How Medicare Wastes Almost $50 Billion a Year
November 25, 2011
The Fiscal Times
By CHAD TERHUNE
“A government program that wastes money? Really? Why do I not find this hard to believe? They just can’t seem to do anything right. What really stinks is that Medicare should be helping people – instead they waste billions of dollars every year.” — KTRN
Improper payments – to the wrong person, in the wrong amount, or for the wrong reason — cost Medicare $48 billion last year, or nearly 10 percent of the $516 billion spent on care for seniors, according to federal estimates. And others suggest that the total number for Medicare fraud and waste is close to $100 billion a year.
Whatever the tally, the inability to stop the bleeding at Medicare represents another lost opportunity to wring substantial savings from the federal budget, and it puts additional pressure on Congress and President Obama to cut Medicare benefits as part of the effort to shrink the deficit by at least $1.2 trillion over the next decade.
Beyond that, the losses at Medicare call into question the efficacy of contracting with some of the nation’s largest insurance companies to process Medicare claims, spot suspicious billing, and refer cases to law enforcement.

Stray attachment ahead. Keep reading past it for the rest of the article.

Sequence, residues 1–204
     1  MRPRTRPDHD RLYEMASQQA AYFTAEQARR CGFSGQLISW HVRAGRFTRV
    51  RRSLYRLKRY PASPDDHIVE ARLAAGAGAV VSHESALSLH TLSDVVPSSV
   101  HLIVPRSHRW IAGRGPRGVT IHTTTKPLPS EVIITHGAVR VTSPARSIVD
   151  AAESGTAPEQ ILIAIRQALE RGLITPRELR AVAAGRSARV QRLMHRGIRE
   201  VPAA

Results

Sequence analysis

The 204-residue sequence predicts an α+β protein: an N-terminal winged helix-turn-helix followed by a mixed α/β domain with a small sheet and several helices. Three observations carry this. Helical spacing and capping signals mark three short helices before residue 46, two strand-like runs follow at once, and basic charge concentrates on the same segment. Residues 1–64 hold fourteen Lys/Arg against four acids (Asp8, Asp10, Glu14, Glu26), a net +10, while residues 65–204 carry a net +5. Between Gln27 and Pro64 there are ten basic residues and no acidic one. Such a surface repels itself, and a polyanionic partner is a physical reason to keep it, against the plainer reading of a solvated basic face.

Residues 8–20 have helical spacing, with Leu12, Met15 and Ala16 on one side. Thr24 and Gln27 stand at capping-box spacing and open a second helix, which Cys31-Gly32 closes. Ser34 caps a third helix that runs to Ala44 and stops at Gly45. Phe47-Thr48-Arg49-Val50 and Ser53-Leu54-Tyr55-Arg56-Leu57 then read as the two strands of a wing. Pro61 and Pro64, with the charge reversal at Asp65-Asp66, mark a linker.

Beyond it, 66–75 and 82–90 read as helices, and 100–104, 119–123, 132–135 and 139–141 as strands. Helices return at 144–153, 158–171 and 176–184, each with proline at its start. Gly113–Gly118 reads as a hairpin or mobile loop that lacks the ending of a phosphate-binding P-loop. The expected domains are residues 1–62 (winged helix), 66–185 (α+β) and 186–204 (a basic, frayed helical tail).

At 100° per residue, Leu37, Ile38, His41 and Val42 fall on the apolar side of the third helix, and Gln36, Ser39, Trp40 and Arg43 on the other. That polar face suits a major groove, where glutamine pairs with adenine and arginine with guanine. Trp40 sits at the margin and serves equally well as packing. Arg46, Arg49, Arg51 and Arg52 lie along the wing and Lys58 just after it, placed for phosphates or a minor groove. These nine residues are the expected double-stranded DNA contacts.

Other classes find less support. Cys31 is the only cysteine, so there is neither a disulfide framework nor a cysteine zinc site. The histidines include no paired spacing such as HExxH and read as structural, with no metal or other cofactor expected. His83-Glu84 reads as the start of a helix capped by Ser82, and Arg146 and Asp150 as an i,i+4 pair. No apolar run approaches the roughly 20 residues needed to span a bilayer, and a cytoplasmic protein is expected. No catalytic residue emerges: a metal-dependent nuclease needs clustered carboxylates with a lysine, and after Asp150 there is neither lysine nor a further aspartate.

The contractors are primarily subsidiaries of big health insurers, such as WellPoint and Blue Cross Blue Shield.
Government auditors have criticized these companies for poor performance in the past and faulted Medicare officials for not holding them accountable. A report last year by the Health and Human Services inspector general said one group of 18 contractors identified just $835 million in overpayments in 2007, and 16 of them referred $54 million or less for collection. Medicare is now consolidating that work in seven regional contracts. Overall, in the last fiscal year (2010), Medicare paid $956 million to these contractors for claims processing and fraud detection, according to government figures.